The Secret Service erased text messages from the day of the assault on the Capitol

The Secret Service deleted text messages from the day of the assault on the Capitol

UPGRADE DAY

The Secret Service, responsible in particular for protecting the President of the United States, deleted text messages from several agents sent the day of the assault on Congress in Washington on January 6, 2021 by supporters of Donald Trump, according to an oversight body. 

Joseph Cuffari, inspector general of the Department of National Security, said in a letter published Thursday addressed to congressional leaders that he had difficulties obtaining Secret Service records dating back to January 5 and 6, 2021.

These messages could be crucial to investigations by the House of Representatives and the Department of Justice to determine whether the former Republican president and his close advisers encouraged the deadly assault on the Capitol, in an attempt to prevent the certification of the victory of his Democratic opponent Joe Biden in the November 2020 ballot.

Secret Service agents were with Mr. Trump that day and with Vice President Mike Pence, who had been hiding in the Capitol after pro-Trump activists called for him to be hanged.

< p>A former White House employee testified on June 29 before the House Committee of Inquiry that Mr. Trump tried to coerce the Secret Service into taking him to Congress to join his supporters there.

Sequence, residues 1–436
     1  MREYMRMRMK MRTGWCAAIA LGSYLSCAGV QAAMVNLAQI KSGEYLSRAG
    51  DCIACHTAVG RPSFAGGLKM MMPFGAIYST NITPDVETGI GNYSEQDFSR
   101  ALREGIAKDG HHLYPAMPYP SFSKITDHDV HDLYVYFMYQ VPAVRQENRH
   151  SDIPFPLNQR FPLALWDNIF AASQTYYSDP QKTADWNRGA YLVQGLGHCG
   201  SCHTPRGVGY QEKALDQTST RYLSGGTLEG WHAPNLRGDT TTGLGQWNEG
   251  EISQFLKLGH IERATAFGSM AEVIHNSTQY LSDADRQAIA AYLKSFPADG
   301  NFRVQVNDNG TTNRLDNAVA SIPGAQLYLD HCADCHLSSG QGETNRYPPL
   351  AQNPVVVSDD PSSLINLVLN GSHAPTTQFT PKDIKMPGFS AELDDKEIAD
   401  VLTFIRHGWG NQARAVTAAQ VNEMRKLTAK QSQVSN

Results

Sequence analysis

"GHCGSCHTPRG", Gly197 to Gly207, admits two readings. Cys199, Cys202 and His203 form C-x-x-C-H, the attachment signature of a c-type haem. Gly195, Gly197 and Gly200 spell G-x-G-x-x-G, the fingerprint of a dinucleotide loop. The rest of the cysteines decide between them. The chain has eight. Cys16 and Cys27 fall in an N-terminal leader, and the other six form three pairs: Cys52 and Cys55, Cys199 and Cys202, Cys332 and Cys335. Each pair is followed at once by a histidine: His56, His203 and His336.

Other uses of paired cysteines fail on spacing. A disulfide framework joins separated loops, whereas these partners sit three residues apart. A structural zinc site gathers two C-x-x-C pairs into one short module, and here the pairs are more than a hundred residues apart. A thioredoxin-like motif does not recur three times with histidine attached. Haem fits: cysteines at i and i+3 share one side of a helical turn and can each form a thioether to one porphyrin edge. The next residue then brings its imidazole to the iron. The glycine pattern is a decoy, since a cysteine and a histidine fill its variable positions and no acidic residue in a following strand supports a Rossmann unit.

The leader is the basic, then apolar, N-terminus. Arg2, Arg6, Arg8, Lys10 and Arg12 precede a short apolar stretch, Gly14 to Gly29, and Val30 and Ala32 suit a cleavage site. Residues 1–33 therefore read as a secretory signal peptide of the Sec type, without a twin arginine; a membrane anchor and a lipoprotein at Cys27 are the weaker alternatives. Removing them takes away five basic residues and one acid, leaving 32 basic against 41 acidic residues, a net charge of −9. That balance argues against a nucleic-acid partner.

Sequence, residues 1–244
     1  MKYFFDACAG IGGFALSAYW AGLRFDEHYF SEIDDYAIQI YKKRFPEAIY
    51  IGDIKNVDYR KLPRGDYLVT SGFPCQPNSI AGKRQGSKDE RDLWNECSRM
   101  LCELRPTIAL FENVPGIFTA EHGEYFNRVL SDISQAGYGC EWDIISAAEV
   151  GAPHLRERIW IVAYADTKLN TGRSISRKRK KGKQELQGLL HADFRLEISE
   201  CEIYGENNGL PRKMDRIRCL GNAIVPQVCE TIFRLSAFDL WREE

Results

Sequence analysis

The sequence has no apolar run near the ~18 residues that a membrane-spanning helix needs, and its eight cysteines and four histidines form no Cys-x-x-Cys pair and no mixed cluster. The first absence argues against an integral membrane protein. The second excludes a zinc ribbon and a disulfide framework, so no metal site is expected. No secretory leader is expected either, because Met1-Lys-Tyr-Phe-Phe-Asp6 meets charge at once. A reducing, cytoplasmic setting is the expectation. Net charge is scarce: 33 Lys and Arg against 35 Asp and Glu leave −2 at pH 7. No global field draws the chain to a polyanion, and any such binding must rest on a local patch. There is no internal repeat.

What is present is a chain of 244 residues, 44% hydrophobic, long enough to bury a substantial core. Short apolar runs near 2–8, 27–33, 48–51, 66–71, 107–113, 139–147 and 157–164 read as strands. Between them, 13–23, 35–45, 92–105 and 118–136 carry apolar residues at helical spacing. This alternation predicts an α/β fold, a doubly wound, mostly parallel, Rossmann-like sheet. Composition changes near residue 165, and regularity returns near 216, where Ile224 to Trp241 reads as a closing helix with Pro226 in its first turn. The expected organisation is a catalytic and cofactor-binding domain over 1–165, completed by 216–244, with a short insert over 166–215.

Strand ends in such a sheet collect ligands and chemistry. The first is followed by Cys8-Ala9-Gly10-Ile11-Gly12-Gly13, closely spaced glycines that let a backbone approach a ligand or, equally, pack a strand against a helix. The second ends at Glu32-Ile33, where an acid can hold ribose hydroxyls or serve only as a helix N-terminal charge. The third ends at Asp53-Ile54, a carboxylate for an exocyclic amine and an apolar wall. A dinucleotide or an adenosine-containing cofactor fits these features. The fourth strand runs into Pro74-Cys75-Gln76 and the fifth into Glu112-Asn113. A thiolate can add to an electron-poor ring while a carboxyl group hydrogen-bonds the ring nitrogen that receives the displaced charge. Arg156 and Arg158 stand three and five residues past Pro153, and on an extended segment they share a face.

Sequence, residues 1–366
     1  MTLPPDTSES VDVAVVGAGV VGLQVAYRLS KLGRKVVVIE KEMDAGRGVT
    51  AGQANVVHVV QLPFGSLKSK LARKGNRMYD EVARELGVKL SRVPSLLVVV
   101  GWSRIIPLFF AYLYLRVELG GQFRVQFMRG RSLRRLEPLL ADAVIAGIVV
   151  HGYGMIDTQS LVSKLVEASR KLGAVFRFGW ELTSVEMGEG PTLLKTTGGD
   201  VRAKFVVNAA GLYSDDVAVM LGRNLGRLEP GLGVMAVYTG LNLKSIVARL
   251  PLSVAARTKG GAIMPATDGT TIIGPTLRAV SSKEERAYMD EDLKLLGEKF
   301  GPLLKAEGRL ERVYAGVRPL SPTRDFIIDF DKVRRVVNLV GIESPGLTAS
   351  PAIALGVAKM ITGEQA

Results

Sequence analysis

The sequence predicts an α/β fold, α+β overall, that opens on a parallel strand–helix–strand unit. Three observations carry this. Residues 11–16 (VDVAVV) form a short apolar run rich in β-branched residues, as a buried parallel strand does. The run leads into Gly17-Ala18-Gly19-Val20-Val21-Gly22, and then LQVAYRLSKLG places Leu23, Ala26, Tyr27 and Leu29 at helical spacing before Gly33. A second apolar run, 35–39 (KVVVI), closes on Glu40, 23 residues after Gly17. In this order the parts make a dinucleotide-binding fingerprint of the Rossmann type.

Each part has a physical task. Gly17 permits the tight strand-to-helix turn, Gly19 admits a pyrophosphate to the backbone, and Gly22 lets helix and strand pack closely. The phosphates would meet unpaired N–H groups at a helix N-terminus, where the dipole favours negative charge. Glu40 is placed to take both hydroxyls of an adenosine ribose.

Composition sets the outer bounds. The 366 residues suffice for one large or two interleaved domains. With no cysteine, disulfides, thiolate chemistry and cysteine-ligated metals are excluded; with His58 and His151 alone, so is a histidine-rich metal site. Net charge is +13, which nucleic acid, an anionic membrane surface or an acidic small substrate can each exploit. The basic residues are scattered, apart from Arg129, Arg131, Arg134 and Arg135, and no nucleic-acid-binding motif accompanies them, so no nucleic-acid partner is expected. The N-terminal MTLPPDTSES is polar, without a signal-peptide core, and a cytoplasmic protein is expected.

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“The department has notified us that numerous United States Secret Service (USSS) messages, dated January 5 and 6, 2021, have been erased as part of a device replacement program,” Cuffari wrote in his letter, revealed by The Intercept and later published by Politico.

“The USSS deleted these text messages after the OIG (Office of the inspector general, Editor's note) requested the records of electronic communications” for the examination of the events of January 6, he continued.

In addition, he said, the ministry has dragged its feet to hand over other documents requested by the OIG.

Secret Service spokesman Anthony Guglielmi in a statement dismissed Cuffari's accusations, saying the agents' phones had reset as part of a planned replacement program that began prior to the OIG's request six weeks after the assault.

“Secret Service reported to (Office of the Inspector ur general, Editor's note) the loss of data from certain telephones but confirmed to the OIG that none of the SMS he was looking for had been lost during this migration”, he added.

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